Kristin Lutz, a counselor and the testing coordinator at Alice Smith Elementary in Hopkins, said schools and districts cannot operate the same as before. That teachers need freedom to try new things, to hone in on what’s essential to students’ social-emotional health. “Adults need to rethink how we do things for kids,” Lutz asserted.

Isolated, many students are eager to return

Students are doing a remarkable job coping with uncertainty, according to those we spoke to. But it’s not easy. We’re seeing evidence of just how hard it is for students to engage right now. And virtual or phone assessments don’t give professionals the opportunity to pick up on nonverbal cues.

Students who have struggled with social anxiety have done relatively well. Those who thrive on social connectedness, not so much. For some students, distance learning is simply untenable.

“There are people learning a second language, people with dyslexia, people going into a foster home,” said Lutz. “It’s an equity [concern] for me right now. We’ve got to prioritize all those things.”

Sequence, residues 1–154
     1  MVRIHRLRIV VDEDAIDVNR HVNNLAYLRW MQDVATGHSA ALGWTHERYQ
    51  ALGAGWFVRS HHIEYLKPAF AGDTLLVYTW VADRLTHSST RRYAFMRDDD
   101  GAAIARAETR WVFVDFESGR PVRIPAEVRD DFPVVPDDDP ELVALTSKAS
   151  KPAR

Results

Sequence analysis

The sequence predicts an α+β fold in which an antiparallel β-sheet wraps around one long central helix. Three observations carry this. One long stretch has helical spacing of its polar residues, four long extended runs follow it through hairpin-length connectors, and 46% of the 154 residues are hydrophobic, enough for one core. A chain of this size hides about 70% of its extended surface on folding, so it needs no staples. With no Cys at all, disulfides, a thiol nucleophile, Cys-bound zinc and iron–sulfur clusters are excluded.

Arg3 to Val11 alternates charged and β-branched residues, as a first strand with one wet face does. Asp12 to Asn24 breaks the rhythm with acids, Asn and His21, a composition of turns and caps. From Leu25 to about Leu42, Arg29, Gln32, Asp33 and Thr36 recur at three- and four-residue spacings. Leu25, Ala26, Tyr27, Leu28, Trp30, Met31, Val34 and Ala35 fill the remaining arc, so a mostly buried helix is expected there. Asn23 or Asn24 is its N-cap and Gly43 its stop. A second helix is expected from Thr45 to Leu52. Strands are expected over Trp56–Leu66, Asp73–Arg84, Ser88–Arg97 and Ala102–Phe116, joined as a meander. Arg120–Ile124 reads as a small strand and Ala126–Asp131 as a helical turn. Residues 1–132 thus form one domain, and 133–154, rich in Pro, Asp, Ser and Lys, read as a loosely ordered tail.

Hopkins Schools identified their most vulnerable students to keep receiving part-time, in-person instruction they sorely need while the rest of the district transitioned last month from a hybrid model to full distance learning.

Saint Paul Public Schools—which has been distance learning all year—kept open a center with precautions in place where students could safely go in-person to receive academic, technological, and social-emotional support from staff. With rising Covid numbers, the center has been temporarily shuttered.

Students are grieving the loss of normalcy in real-time. “When are we coming back?” they ask.

For staff, the only answer is the honest one: We don’t know.

Families are crucial partners

Many staff have engaged families nearly as much as students this year—establishing a partnership often lacking in the past.

“During in-person learning it becomes easy to allow families to fade into the background,” conceded Alex Leonard, Dean of Students at Patrick Henry High School in Minneapolis. “But during distance learning it is impossible to have even a slight chance of being successful without them.”

“I’m right here with you in this storm that we’re trying to weather.”

As with students, Leonard insists, transparent communication is key to these relationships. That includes acknowledging that the improvement many schools see in family engagement today is a result of failures to engage them in the past.